“Ever since I was a child, I dreamed of owning a small animal husbandry farm. After graduating from the agricultural college, I started the business with two to three milking cows. Now I have about 20 cows and some land with cereal crops,” says Andrian Dumitras, a 25 years-old farmer from the Iorjnita village in northern Moldova.
Born and raised on a farm, he says he is proud to have inherited some of the hard-working qualities of his parents. “I work from morning till evening every day. The animals do not have days off!”
Dairy farming is one of the most difficult branches in agriculture. Working hard is a prerequisite, but the corona pandemic inflicted some additional challenges on farmers.
“It created a lot of problems for us in terms of distribution, but we continue with the same pace. We have no choice, we have to provide the population with milk and we must keep the village alive,” says Andrian.
The corona impact is only one in the series of blows that negatively affected Moldovan agriculture lately. “The biggest problem in agriculture is not just the pandemic but the prolonged drought and the lack of access to irrigation that led to very high losses last year. I lost about 60% of the estimated grain harvest, while those from the south of Moldova lost even 90% of the harvest,” says Andrian.
With two thirds of the Moldovan population living in the rural areas and chiefly dependent on agriculture, the drought accompanied by the corona pandemic has clearly put a strain on food security.
Lots of farmers recorded losses. Some of them were forced to selling and culling of livestock, thus exacerbating their vulnerability and lowering recovery prospects. According to many, the help from the state was insufficient.
“Authorities do not take relevant measures. We need innovative projects and investments in irrigation, marketing systems and especially in concrete actions to adapt to the deeper changes of climatic conditions,” says Andrian.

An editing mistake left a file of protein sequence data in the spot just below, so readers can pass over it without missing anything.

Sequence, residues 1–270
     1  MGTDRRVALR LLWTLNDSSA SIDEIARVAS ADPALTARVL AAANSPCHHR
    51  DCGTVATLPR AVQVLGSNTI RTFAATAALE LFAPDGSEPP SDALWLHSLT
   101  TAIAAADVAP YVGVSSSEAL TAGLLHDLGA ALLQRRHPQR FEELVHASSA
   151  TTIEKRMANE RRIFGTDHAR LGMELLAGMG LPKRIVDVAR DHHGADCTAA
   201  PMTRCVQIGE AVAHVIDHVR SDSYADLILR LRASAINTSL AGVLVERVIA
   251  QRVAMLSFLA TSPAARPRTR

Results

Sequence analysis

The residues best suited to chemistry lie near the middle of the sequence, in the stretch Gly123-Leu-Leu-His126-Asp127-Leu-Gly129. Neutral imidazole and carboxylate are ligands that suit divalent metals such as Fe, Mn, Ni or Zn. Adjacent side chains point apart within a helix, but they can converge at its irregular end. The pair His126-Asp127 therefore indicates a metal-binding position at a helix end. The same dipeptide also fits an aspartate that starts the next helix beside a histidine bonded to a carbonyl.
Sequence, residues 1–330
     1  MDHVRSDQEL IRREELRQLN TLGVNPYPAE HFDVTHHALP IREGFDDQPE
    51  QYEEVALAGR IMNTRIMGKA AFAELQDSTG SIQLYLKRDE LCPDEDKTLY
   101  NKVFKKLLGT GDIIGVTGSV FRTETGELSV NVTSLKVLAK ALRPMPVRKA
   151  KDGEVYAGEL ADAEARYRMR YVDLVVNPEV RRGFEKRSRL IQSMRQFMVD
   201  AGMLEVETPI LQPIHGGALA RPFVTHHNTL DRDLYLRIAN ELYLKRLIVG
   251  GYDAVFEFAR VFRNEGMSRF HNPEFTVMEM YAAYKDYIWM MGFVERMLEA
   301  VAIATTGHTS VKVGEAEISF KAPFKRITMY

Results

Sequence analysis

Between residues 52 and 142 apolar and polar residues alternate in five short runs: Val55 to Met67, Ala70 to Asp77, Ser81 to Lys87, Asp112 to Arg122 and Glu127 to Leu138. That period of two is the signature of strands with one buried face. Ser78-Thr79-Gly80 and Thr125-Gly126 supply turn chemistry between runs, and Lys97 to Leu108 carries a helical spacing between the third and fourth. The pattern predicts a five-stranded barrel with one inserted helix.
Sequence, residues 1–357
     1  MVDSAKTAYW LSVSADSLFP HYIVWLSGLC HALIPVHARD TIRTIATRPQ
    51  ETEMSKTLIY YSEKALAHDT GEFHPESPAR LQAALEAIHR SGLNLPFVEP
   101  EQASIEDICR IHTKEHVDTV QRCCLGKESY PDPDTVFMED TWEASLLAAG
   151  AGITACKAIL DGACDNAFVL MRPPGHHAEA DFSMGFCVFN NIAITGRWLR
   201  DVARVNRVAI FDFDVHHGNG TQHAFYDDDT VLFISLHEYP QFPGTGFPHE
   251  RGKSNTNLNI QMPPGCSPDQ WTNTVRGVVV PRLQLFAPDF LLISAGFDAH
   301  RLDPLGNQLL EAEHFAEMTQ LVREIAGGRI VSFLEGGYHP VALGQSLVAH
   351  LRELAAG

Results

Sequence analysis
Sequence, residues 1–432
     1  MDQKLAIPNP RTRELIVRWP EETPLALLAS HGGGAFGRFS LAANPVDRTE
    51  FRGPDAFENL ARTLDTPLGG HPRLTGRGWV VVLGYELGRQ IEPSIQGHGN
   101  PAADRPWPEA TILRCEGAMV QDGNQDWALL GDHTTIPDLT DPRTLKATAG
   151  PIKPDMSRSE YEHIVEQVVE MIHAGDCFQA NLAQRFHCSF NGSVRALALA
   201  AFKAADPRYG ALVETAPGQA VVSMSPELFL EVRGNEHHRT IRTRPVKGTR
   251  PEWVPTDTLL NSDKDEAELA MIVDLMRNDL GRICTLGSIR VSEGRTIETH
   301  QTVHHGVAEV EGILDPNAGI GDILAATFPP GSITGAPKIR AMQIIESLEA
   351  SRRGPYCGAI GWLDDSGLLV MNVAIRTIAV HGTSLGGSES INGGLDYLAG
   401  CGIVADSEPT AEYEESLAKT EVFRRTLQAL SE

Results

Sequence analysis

He is particularly dissatisfied with the way the state treats young farmers. According to him, young people do not have opportunities for development in the villages where there is no elementary infrastructure, no fully functional water systems, or good roads.
“The majority of my friends after the student days either stayed in the city of Chisinau or went to work abroad due to lack of opportunities and poverty in the rural areas,” says Andrian.
Another burning issue for young farmers, and generally smallholder and family farms, is access to finance. Most farms remain poorly financed. The major obstacles for farmers are insufficient collateral options, almost no supply of long-term loans and high interest rates, amounting to 15–20 percent annually, with annual inflation below 5 percent in recent years.
“The loans are very expensive, and the banks take advantage of the lack of financial knowledge of the farmers,” says Andrian adding that as a result many farmers fail to meet their financial obligations and go bankrupt.
“I was lucky that my parents helped me, although I also took some loans. Now I reinvest almost all my income from the farm activities to pay the interest on the loans that are quite high. But I continue to work and hope I will succeed and grow as a farmer,” says Andrian.
He admits that being member of We Effect’s partner organization, the National Federation of Farmers of Moldova (NFFM), and taking part in various experience exchanges and trainings, has increased his chances of success.
“With the support of NFFM we created a small cooperative that has 7 producers of organic milk and cereals. The aim was to have a greater power to negotiate the price of milk when working with processing factories and also with buyers of organic cereal products,” says Andrian.
The cooperative not only strengthens the bargaining power of the young member farmers but it also helps them secure some discounts when purchasing agricultural inputs and equipment that they cannot buy on their own, individually.
Andrian and the cooperative members are also actively involved in the consultations organized by NFFM related to the agricultural policies. “Together with all farmer members of NFFM we try to defend our rights and interests in front of the state institutions. Yes, we are not always heard, but we put pressure on the authorities, and we show them that we are still a force to be reckoned with.”
Smallholder farmers play an essential role in Moldova’s agriculture and rural development and in the economy as a whole. Family farms generate over 62 percent of the total volume of agricultural produce of the country, thus contributing fundamentally to the overall food production and food security in Moldova.
“Farmers should understand that we are the pillars of the rural area and we need to produce and cooperate as united force,” says Andrian. He is urging, especially the young farmers, to fight for their rights. “Don’t ever give up! Because if we leave who will remain here!?”